Storm effects slow down business, government across the state

(Updated, Jan. 22, 10:02 a.m.) Between 5 and 10 inches of snow covered most of the state Wednesday morning after the overnight accumulation from Winter Storm Janus caused a number of public offices to change their hours and forced transportation delays in Rhode Island. More

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Storm effects slow down business, government across the state

BLOOMBERG FILE PHOTO/SCOTT EISEN
MANY RHODE ISLAND PUBLIC and private services were closed or delayed Wednesday morning after Winter Storm Janus dumped an estimated 8 to 12 inches of snow on the central part of the state, similar to Winter Storm Nemo nearly a year ago.
Posted 1/21/14

(Updated, Jan. 22, 11:27 a.m.)

PROVIDENCE – Between 5 and 10 inches of snow covered most of the state Wednesday morning after the overnight accumulation from Winter Storm Janus caused a number of public offices to change their hours and forced transportation delays in Rhode Island.

Seven flights out of T.F. Green Airport were canceled late Tuesday, as well as 19 early-morning flights on Wednesday, but as of 9 a.m. on Wednesday the majority of afternoon flights appeared to be on schedule. The R.I. Airport Corporation has recommended that travelers check with their airline for further scheduling changes, although the T.F. Green website has posted flight changes as well.

Providence Mayor Angel Taveras’ office issued advisories Tuesday afternoon that declared the Roger Williams Park Museum, Carousel and Botanical Center would be closed Wednesday, and the Roger Williams Park Zoo and the Bank of America Skating Rink would delay their openings until noon.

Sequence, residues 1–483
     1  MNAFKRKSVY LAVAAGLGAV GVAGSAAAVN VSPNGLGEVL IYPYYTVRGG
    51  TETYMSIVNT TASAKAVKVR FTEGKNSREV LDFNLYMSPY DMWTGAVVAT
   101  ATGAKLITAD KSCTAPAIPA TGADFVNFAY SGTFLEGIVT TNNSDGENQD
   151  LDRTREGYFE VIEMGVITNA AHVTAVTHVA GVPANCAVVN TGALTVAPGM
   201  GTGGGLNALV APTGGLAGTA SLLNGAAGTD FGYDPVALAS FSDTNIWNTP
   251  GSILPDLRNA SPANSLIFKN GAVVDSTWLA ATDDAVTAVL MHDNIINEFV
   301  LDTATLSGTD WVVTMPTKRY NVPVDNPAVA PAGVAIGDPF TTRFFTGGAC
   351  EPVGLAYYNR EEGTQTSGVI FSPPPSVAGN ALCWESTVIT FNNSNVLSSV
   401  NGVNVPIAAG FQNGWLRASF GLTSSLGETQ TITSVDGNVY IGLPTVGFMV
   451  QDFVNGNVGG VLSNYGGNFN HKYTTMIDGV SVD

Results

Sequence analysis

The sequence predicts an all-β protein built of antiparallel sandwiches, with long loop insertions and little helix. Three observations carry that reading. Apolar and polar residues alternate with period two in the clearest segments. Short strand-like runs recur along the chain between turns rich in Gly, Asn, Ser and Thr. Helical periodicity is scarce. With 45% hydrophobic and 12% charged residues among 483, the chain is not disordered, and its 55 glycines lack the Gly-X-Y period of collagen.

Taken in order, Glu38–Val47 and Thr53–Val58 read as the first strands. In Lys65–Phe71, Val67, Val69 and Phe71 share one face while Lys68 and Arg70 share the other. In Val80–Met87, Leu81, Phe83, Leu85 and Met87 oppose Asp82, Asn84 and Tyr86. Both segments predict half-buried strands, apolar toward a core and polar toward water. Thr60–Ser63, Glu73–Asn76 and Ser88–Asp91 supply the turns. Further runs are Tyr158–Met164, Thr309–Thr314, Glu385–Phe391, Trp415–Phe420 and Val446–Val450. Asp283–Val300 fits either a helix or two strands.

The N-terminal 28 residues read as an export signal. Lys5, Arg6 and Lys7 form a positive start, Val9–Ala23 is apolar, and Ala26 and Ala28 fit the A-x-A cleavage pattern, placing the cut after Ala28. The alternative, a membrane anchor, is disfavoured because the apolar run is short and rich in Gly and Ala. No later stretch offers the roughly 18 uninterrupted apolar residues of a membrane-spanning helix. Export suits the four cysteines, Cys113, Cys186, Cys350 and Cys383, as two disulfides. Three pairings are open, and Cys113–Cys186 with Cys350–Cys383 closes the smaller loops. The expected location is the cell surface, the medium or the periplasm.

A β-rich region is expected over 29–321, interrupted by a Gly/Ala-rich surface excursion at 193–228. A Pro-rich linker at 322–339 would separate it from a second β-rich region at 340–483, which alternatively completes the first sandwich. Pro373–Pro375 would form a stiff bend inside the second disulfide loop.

Earlier on Tuesday, the city canceled after-school activities and closed all schools and after-school activities for Wednesday. In addition, all city recreation centers were closed for Tuesday and Wednesday. For up-to-date information, the mayor’s office recommended following the Twitter accounts of Taveras (@angel_taveras) and the Providence Emergency Management Agency (@pema591).

Shortly before 1 p.m. on Tuesday, Gov. Lincoln D. Chafee put the state’s adverse weather policy into effect, beginning with government worker shifts between 2:52 p.m. Tuesday and ending at noon on Wednesday. The effect of this policy is the ability of state workers to use annual leave, personal leave or leave without pay if they are unable to complete their work schedule, with approval of a supervisor.

Chafee emphasized that the state would remain in full operation throughout the duration of the storm. In fact, the governor’s attendance at the ribbon-cutting of a rebuilt Sam’s Club store in Warwick set for 4 p.m. on Wednesday was still on his schedule as of late afternoon.

Unemployment insurance and temporary disability insurance call centers – normally open from 8 a.m. to 12 p.m. on Wednesdays – will be closed Wednesday, Jan. 22. Individuals may still file an insurance claim online at www.dlt.ri.gov, and those needing to certify for their weekly payments may still use teleserve by calling (401) 243-9600. Individuals can use the temporary disability insurance automated phone system to update their claim status information by calling (401) 462-8420.